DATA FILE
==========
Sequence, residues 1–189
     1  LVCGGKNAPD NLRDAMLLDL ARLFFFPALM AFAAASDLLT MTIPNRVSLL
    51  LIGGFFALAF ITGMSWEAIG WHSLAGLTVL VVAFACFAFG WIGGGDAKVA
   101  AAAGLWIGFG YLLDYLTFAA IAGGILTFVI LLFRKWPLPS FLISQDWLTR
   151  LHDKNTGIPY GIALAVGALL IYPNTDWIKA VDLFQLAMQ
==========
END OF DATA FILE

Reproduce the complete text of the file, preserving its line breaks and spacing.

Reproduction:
Sequence, residues 1–189
     1  LVCGGKNAPD NLRDAMLLDL ARLFFFPALM AFAAASDLLT MTIPNRVSLL
    51  LIGGFFALAF ITGMSWEAIG WHSLAGLTVL VVAFACFAFG WIGGGDAKVA
   101  AAAGLWIGFG YLLDYLTFAA IAGGILTFVI LLFRKWPLPS FLISQDWLTR
   151  LHDKNTGIPY GIALAVGALL IYPNTDWIKA VDLFQLAMQ